Transforming waterfront dumping ground into a picturesque park
Closed for more than a decade, Sunset Cove Park reopened in 2019 following the restoration of 4.5 acres of salt marsh and seven acres of maritime upland along Jamaica Bay, which aimed at enhancing public waterfront access, improving the wildlife habitat, and providing important storm protection to reduce wave and wind impact on the Broad Channel community.
New York City Parks Commissioner Sue Donoghue joined local elected officials, community leaders, and representatives from the Governor’s Office of Storm Recovery, last week, for a groundbreaking ceremony on phase two of the project.
“I am thrilled to break ground on the second phase of the Sunset Cove project, as we continue to revitalize a space that was for years inaccessible to the community,” Donoghue said. “This project strikes at the core of our work here at Parks, at the intersection of greenspace expansion, environmental resiliency, and fun educational amenities for the youth in our communities – we look forward to unveiling the new boardwalk and outdoor classroom in the near future!”
The $4.2 million phase two project includes the construction of a new boardwalk—made from reclaimed wood taken from the former Rockaway Beach boardwalk, which was destroyed by Hurricane Sandy in 2012—and a new outdoor classroom designed to help build the next generation of environmental leaders.
Partially funded through a New York Rising grant, the $4.2 million project has received additional support from Queens Borough President Donovan Richards, State Senator Joseph Addabbo, Jr., Assemblywoman Stacey Pheffer Amato, and former-Assemblyman Phil Goldfeder.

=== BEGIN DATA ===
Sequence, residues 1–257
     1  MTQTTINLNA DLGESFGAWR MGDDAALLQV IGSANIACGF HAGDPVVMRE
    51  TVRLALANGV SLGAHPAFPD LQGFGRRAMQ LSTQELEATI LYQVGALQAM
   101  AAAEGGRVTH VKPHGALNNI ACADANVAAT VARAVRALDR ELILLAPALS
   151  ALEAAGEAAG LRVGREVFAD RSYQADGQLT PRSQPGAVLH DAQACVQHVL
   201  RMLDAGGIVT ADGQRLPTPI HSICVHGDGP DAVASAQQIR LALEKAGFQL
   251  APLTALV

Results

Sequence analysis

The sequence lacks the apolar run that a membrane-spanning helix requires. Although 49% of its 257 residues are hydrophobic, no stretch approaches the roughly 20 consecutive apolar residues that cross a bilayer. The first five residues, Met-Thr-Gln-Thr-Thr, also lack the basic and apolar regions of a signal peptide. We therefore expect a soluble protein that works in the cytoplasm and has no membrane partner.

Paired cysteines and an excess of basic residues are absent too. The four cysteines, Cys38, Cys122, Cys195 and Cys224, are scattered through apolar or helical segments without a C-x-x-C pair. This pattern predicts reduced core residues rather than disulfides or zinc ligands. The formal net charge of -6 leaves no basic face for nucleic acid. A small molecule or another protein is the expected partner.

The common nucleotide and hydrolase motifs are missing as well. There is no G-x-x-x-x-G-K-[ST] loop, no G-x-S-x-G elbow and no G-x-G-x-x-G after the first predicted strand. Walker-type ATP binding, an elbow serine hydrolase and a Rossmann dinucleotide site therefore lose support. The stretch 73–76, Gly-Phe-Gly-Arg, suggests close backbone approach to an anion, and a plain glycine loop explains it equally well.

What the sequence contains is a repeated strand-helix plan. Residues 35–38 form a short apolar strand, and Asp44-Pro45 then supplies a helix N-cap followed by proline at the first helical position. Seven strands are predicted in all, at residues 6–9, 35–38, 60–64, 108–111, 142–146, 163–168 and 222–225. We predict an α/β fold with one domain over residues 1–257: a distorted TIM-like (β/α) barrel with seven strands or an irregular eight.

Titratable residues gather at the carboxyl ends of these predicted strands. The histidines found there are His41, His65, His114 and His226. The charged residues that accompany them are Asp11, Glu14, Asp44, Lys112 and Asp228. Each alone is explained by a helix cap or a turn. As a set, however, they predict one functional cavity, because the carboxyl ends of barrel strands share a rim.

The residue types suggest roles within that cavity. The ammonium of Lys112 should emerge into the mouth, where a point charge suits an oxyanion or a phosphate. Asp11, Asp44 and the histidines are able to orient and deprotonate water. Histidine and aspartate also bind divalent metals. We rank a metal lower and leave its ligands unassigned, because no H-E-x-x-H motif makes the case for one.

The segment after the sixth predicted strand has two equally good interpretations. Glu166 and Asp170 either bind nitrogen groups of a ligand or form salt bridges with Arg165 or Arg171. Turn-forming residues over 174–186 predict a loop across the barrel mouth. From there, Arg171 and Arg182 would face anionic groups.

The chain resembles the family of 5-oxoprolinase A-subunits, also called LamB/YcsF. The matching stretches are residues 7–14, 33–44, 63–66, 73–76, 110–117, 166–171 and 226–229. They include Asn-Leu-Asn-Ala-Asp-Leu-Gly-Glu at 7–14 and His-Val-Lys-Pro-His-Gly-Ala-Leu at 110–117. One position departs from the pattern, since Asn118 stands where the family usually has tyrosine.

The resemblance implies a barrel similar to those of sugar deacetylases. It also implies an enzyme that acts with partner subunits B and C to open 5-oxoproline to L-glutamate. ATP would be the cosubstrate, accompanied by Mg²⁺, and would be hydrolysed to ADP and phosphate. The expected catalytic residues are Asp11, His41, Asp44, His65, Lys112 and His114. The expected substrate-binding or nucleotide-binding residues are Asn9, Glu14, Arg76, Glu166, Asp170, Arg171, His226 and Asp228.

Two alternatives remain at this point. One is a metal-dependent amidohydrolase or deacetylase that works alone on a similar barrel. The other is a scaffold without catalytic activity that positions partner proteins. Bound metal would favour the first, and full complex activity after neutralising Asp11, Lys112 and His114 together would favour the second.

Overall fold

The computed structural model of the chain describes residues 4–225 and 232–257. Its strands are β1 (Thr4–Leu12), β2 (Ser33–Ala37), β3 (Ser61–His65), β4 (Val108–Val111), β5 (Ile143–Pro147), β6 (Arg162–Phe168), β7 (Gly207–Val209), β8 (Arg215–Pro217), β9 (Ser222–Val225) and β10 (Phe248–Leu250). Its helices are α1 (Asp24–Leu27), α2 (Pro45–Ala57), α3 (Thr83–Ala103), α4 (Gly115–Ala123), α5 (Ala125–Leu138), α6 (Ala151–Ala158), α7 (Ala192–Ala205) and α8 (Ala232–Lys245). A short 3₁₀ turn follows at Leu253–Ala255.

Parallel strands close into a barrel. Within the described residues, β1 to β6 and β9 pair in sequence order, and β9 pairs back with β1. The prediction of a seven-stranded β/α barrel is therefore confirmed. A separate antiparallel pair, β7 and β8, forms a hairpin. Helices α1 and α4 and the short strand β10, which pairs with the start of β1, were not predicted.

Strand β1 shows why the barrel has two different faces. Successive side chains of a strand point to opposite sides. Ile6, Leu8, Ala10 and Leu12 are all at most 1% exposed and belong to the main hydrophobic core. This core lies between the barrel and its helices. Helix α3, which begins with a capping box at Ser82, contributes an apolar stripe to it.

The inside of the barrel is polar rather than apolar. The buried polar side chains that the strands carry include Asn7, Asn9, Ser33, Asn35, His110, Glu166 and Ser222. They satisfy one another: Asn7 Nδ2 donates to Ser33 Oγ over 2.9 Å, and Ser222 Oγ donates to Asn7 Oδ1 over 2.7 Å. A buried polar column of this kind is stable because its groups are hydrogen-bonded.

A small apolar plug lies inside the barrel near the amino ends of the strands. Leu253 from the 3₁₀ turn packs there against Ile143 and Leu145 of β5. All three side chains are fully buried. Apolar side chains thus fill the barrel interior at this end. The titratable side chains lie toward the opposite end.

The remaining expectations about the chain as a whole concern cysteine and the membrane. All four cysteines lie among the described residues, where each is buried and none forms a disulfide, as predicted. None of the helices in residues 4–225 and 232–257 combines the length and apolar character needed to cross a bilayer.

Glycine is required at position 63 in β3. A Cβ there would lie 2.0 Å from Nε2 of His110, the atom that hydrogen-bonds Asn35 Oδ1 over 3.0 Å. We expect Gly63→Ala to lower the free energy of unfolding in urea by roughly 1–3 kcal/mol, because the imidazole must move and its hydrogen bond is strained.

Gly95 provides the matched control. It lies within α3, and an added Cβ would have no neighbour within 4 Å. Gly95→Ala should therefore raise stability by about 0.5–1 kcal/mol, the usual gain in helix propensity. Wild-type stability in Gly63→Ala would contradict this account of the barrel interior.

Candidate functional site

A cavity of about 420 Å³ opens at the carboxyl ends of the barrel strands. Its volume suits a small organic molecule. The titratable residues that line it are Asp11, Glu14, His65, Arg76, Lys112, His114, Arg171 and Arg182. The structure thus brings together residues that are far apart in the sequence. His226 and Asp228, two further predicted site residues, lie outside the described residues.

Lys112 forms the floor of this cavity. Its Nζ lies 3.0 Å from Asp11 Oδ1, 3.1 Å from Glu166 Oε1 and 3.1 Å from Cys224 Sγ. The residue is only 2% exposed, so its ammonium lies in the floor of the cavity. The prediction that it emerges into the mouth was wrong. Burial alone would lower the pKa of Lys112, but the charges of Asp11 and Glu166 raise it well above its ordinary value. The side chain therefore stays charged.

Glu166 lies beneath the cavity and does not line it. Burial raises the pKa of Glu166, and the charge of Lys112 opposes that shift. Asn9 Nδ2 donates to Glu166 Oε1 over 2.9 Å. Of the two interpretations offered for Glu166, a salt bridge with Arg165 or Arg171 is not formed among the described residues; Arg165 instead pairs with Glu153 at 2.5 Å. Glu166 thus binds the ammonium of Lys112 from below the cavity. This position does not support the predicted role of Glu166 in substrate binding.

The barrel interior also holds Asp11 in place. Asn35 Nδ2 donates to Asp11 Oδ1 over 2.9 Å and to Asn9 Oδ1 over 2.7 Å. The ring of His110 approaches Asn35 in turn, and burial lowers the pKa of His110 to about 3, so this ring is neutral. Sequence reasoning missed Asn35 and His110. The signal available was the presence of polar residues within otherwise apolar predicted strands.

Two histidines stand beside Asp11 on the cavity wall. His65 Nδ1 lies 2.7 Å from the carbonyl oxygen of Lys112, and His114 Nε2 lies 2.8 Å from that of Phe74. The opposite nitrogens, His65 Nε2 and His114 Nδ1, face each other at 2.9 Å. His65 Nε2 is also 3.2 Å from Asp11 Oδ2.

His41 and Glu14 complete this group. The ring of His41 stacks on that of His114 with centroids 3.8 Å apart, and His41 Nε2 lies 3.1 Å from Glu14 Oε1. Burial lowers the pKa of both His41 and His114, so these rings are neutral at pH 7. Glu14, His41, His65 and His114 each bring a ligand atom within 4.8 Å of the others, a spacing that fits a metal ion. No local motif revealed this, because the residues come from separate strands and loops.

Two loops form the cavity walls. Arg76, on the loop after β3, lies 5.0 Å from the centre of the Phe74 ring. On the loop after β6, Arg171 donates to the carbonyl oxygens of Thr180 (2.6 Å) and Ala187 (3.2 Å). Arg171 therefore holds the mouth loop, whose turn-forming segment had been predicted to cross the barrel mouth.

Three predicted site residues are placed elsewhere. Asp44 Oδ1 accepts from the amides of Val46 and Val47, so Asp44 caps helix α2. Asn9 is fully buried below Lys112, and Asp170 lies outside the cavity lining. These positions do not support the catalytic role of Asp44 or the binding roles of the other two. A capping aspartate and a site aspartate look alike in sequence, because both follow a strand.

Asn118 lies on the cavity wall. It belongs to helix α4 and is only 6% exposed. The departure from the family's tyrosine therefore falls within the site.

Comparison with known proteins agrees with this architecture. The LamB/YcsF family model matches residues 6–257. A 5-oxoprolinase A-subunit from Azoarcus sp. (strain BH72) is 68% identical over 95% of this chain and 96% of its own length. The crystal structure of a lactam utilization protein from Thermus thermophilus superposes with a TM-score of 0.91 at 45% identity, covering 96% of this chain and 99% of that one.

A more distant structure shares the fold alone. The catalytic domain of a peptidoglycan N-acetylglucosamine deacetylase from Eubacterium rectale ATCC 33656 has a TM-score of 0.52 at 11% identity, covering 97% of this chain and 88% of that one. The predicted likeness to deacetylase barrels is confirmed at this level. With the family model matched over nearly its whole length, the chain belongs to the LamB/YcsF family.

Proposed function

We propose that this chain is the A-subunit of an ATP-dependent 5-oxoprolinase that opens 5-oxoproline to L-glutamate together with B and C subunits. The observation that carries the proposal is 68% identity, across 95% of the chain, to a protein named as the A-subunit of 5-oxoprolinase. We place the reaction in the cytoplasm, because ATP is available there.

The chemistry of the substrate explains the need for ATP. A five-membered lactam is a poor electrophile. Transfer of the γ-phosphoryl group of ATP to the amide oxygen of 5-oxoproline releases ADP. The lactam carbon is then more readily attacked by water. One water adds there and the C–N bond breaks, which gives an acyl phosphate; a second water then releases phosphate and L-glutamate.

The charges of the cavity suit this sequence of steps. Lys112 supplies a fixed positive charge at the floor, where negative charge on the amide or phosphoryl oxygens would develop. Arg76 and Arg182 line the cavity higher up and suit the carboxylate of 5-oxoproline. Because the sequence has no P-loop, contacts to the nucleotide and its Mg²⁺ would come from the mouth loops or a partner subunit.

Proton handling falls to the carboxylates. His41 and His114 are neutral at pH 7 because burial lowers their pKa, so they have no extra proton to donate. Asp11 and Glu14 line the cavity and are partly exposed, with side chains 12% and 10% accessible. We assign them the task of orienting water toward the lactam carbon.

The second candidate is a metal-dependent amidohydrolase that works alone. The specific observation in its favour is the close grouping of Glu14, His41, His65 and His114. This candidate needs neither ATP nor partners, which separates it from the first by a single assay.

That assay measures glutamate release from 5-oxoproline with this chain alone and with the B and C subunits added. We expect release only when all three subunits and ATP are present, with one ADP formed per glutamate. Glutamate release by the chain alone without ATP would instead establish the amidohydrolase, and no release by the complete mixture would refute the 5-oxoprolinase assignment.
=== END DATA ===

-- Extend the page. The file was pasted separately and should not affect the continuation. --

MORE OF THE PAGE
“Thanks to its unique location, Sunset Cove is well positioned to tell the story of how Jamaica Bay’s wetlands perform critical functions that safeguard our environment,” Richards said in a statement. “The kids who will walk this boardwalk and use this classroom will be able to learn about their surroundings in a way they couldn’t before, giving them a more thorough understanding of the environment and the threats posed to it. Hopefully, the lessons learned here will prompt our next generation of leaders to be more supportive of what needs to be done to protect our environment and our communities, which have been devastated time and time again by Sandy, Ida, and other severe weather events that have been exacerbated by climate change.”
Plans call for the construction of an eight-foot wide boardwalk adjacent to the newly restored wetland area and a covered outdoor classroom with interpretive elements, including inset seasonal sun position information and binoculars. Two new bioswales will also be built at the park entrance to help collect stormwater.